- Profitability – see the chart below, but this will not be profitable, in my opinion, for about 4 years. But hopefully that’s sooner 😊. Margins, when profitable, should be high… around 20% is pretty standard for a tech company. And that’s net of tax.
- Term – as with most things non-medical related, I like to project over 10 years. If you can’t make up your investment (discounted) over 10 years, it’s not worth it.
- Non-cash items – that’s a broad assumption. Most of that will be stock comp/amortization in early years, and in later years it’ll be mostly depreciation of manufacturing facilities, etc. I tapered off the increase in the later years. But the business will be pretty asset heavy (assuming in-house production), so I expect high depreciation and still some high stock comp.
These are obviously speculative, but we’re trying to get in the ballpark here. But hopefully this gives you a sense for how we want to think about Drivers and any future Drivers ALPP acquires.
The DCF Model
Without further ado, I’ve pasted the results below in a desktop friendly format and a mobile friendly summary!
Interpreting the Model and My Take
As you’ll see, using my assumptions, we’ve exceeded the required rate of return and now have a positive NPV. In general, I think I was pretty conservative by using a very high discount rate of 40%. So, even though the revenue growth and profitability seem high, the discount rate is huge which accounts for the inherent risk involved.
Also, remember this is very speculative. So if you start tweaking my numbers, you could very well end up at a negative NPV, which means you did not exceed your required rate of return. So it’s clear that ALPP didn’t find the bargain of the century here, per se, because my NPV still comes out to a number relatively close to zero.
But all in all, I thought they did a pretty good job with these acquisitions given the high potential returns involved. They got their feet wet into the business and have high expectations for the company. This wasn’t exactly the most expensive purchase of all time, and it was incredibly risky. So if this pays off, you’re going to be high fiving each other and wondering why you didn’t buy more!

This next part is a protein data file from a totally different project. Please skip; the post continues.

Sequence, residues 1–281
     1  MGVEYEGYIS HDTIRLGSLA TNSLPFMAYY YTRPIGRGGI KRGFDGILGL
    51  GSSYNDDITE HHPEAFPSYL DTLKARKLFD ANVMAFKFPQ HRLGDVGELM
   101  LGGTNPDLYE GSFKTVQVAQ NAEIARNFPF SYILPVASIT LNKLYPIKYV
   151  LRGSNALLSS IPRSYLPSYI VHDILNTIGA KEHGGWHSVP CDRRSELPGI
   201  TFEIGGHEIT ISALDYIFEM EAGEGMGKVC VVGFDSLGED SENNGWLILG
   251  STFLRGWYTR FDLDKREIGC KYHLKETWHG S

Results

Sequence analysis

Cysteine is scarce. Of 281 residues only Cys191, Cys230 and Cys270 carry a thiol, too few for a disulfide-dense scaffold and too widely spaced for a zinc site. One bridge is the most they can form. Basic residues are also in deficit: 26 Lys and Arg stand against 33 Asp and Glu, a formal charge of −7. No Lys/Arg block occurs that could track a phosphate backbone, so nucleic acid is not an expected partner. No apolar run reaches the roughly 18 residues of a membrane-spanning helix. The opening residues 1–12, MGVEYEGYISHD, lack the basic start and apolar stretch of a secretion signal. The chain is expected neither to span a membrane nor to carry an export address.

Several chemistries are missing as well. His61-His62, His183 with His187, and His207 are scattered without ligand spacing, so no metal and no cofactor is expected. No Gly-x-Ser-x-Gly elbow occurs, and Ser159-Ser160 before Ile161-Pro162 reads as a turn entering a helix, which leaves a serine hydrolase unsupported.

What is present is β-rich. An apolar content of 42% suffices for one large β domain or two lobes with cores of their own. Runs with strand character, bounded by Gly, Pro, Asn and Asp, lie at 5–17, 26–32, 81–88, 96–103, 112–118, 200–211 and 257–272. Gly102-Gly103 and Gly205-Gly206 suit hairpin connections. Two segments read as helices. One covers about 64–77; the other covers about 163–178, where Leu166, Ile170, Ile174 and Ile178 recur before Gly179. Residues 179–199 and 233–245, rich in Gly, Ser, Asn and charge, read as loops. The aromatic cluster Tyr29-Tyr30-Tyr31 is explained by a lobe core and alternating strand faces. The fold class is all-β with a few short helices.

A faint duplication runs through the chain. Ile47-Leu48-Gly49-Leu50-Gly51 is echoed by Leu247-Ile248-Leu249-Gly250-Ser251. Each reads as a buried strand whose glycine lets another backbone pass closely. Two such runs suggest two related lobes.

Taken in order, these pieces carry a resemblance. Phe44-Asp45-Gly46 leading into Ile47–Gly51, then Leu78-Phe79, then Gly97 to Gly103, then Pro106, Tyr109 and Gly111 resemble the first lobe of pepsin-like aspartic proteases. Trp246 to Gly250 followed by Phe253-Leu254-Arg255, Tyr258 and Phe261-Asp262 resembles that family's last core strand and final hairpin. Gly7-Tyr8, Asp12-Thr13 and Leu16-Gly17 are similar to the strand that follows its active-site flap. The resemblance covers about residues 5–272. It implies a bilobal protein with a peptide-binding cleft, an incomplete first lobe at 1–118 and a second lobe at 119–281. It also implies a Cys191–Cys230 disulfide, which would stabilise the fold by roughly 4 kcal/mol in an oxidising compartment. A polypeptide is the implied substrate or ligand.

On the other hand, if it never really takes off, just remember that this wasn’t some all-in, do or die, investment. It was a calculated risk that, over time, will pay off as ALPP continues to work their business model.
I would very concerned if I ran this analysis and was getting super negative NPVs, but I wasn’t. To me, the initial outlay and years of negative profit could be worth it even at a risk level constituting a 40% discount rate. So all in all, not too shabby!
Thanks for listening to my rambles! If you’d like to support me on Patreon, I’ve provided a link here: https://www.patreon.com/SamAkerFinance
DISCLAIMER – AT THE TIME OF WRITING THIS ARTICLE I DO NOT HAVE A FINANCIAL INTEREST, LONG OR SHORT, IN $ALPP. THIS ARTICLE IS NOT FINANCIAL ADVICE AND IS INTENDED ONLY FOR EDUCATIONAL PURPOSES. I AM NOT A FINANCIAL ADVISOR. AT THE TIME OF WRITING THIS ARTICLE, PERSONS AFFILIATED WITH THE COMPANY ANALYZED ABOVE MAY BE PROVIDING MONETARY COMPENSATION AS MONTHLY PATRONS THROUGH MY PATREON. THIS COMPENSATION IS NOT PROVIDED IN RETURN FOR ANY SERVICE, WRITING ABOUT A PARTICULAR TOPIC, AND/OR FAVORABLE OR UNFAVORABLE OPINIONS. MY PATREON SUPPORTERS HAVE NO INFLUENCE ON THE CONTENT OF MY ARTICLES.